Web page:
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The lowdown on the O's

Posted on 5 January 2001  - 12:00

Tottenham Hotspur (Spurs) Football Club is located in North London. The club is also known as Spurs. Tottenham's home ground is White Hart Lane. The club motto is Audere est Facere (To dare is to do).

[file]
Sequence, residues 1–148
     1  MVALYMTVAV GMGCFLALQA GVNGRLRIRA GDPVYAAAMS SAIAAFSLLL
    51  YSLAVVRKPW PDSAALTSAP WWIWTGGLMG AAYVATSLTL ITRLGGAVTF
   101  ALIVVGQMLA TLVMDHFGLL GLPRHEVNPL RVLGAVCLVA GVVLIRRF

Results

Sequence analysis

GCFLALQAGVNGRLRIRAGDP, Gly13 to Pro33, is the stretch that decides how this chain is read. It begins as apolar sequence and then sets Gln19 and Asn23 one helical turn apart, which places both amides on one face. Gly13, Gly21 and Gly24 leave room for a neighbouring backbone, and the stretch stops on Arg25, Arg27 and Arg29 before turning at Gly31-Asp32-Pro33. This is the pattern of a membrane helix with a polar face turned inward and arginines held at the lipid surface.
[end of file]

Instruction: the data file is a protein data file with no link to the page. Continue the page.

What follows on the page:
Barry Hearn announced himself to the world of boxing by promoting the fight most of Britain wished to see &mdash&#59; loveable Frank Bruno versus born-again Aussie, Joe Bugner.<?xml:namespace prefix = o ns = "urn:schemas-microsoft-com:office:office" /><o:p></o:p></SPAN><P>The snooker magnate could hardly put on the show at the Crucible, so the Essex boy made good hired White Hart Lane and boarded up the sacred turf for the night.<o:p></o:p></SPAN><P>Bruno won the contest and Hearn earned his Spurs, soon after becoming known as one of the country&rsquo&#59;s leading promoters, with Chris Eubank among the leading lights of his stable.<o:p></o:p></SPAN><P>At the end of the 1994-95 season Hearn added to his sporting portfolio by taking control of Leyton Orient. Now it is Spurs who will have to box clever on Hearn&rsquo&#59;s patch to avoid becoming a statistic in the column marked FA Cup &lsquo&#59;giant-killed&rsquo&#59;.<o:p></o:p></SPAN><P>During the above-mentioned season the cameras were allowed behind the scenes at Brisbane Road as the club battled against almost certain relegation. The result was a fly-on-the-wall documentary in which the then joint-managers, Chris Turner and John Sitton, effed-and-blinded their way through the whole programme.<o:p></o:p></SPAN><P>Their passion did not have the desired effect on the players on the duo were released in April 1995 upon Hearn&rsquo&#59;s arrival. Inevitable relegation to Division Three followed.<o:p></o:p></SPAN><P>Hearn&rsquo&#59;s first move was to install former West Ham favourite and Spurs youth team coach Pat Holland as manager. Holland did not have the desired impact, which was promotion, and eventually ended up back at Spurs as under-19 coach via a spell as assistant manager at Millwall.<o:p></o:p></SPAN><P>Former Cambridge manager Tommy Taylor took up the reigns in mid-1996 and the club have enjoyed mixed finishes since then &mdash&#59; 16<SUP>th</SUP>, 11<SUP>th</SUP>, 6<SUP>th</SUP> and 19<SUP>th</SUP>. The 1998-99 season resulted in a visit to Wembley for the play-off final, and 25,000 O&rsquo&#59;s fans saw the team defeated by Scunthorpe.<o:p></o:p></SPAN><P>As is often the case, the club suffered a reaction last season in finishing 19<SUP>th</SUP>, but the current campaign offers much promise. Fourth in the table and unbeaten in their last five, Orient look good for at least another play-off campaign.<o:p></o:p></SPAN><P>It was former Spur Scott Houghton who secured Orient&rsquo&#59;s passage to the FA Cup third round, scoring the winner against Northwich Victoria off his ample rear, but the clubs have another notable player in common. John Chiedozie secured the East Londoners their record transfer fee received of &pound&#59;600,000 when Notts County stepped in for his services in 1981. He later played for Spurs from 1984-86.<o:p></o:p></SPAN><P>So it&rsquo&#59;s all set for a traditional Saturday Cup tie and all the ingredients are there for a classic. But Spurs must develop a taste for the Orient if the Cup year is to begin with some East End promise.<o:p></o:p></SPAN><P><I>By Richard Haubbard<I><BR>&nbsp&#59;<o:p></o:p></SPAN></I></I>